Depression in Europe – 1930s

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German crowd around a bunch of loaves of bread

Germany during the Depression

After World War I, Europe was much poorer than it had been before the war. Many men had been killed in the war, and many houses and factories had been ruined. Then in 1929, there was an economic crisis too. A lot of companies went out of business, and then the people who worked for those companies were out of work.

Once people were out of work they spent less money in stores and restaurants, and many other companies went out of business because there weren’t enough customers.

In Germany, the depression meant that it was impossible for the government to pay off the money they had promised to pay to France after World War I. People got angrier and angrier about that money. They were more and more willing to support any way to get back at France – even another war.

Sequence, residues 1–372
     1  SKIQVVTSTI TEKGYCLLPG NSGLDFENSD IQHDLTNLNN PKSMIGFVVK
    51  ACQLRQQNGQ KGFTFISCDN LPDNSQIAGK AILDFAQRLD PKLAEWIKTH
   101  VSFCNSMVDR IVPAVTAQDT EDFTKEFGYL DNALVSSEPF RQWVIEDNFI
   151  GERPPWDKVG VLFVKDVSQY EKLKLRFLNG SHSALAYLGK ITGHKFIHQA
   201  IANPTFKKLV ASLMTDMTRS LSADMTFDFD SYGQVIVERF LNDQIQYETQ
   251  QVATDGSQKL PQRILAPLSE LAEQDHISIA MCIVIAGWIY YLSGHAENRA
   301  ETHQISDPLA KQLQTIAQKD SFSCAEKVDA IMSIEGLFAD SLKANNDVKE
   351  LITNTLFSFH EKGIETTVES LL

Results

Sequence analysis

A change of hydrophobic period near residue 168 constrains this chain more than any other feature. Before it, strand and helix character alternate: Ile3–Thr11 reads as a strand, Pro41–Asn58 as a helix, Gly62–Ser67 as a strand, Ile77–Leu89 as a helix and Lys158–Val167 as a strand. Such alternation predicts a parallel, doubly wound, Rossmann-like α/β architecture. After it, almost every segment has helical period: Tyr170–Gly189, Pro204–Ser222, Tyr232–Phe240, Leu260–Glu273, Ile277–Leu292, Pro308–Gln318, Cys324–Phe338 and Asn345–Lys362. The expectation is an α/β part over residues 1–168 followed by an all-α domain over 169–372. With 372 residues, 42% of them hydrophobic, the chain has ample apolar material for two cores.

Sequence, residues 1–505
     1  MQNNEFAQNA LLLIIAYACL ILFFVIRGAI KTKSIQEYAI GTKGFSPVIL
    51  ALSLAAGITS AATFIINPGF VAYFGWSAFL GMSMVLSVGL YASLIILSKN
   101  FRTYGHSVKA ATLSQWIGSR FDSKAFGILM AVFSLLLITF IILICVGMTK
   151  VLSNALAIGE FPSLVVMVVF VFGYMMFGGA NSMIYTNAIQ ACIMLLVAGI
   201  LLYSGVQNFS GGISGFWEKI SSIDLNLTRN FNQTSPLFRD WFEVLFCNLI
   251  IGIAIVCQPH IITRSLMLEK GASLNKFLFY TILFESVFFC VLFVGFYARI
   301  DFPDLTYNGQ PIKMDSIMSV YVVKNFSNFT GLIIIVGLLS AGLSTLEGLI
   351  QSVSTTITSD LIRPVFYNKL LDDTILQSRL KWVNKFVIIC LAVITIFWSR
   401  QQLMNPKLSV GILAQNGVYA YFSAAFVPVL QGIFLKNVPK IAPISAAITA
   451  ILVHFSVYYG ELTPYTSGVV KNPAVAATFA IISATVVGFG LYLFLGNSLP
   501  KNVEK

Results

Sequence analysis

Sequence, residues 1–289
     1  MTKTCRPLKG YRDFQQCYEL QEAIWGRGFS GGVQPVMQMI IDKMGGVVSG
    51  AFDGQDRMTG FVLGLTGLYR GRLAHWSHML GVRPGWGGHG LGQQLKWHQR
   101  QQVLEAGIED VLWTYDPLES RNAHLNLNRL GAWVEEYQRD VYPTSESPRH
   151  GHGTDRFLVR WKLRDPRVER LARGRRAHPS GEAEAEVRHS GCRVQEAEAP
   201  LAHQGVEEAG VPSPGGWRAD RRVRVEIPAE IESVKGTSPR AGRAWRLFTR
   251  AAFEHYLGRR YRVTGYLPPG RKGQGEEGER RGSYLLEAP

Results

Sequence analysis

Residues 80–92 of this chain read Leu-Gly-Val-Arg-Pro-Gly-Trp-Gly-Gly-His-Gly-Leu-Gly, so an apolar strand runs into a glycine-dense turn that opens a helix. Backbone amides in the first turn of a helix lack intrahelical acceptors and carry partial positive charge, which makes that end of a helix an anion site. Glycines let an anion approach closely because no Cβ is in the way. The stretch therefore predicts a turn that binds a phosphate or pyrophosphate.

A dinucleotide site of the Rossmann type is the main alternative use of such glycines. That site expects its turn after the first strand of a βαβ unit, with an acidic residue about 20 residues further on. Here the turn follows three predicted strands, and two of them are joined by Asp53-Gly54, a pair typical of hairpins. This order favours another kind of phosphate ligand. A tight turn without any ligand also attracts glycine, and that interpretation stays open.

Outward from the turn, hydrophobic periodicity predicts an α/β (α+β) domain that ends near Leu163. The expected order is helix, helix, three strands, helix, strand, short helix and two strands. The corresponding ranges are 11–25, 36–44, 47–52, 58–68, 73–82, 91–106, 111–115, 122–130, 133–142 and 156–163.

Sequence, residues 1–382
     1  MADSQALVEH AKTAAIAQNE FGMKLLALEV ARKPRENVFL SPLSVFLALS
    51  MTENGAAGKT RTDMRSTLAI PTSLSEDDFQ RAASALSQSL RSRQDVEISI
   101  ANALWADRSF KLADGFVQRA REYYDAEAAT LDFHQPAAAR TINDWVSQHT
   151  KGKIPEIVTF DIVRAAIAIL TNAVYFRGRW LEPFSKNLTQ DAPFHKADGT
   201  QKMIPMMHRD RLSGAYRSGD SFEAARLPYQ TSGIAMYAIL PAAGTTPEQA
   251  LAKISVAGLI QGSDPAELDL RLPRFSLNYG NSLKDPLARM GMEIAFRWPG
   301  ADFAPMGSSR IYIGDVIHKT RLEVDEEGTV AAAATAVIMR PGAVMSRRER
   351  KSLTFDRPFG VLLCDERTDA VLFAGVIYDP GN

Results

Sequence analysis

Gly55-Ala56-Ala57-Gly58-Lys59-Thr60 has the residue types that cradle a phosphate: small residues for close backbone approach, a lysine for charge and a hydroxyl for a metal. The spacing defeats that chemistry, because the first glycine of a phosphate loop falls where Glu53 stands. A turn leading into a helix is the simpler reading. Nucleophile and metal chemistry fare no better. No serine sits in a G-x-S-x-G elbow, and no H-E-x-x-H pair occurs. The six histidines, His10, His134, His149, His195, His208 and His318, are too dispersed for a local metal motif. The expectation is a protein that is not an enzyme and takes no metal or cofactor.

World War II

Bibliography and further reading about the depression in Europe:


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By |2017-08-05T11:17:58+00:00August 5th, 2017|History, Modern Europe|0 Comments
Cite this page: Carr, K.E. Depression in Europe – 1930s. Study Guides, August 5, 2017. Web. December 15, 2018.

About the Author:

Dr. Karen Carr is Associate Professor Emerita, Department of History, Portland State University. She holds a doctorate in Classical Art and Archaeology from the University of Michigan. Follow her on Instagram, Pinterest, or Facebook, or buy her book, Vandals to Visigoths.

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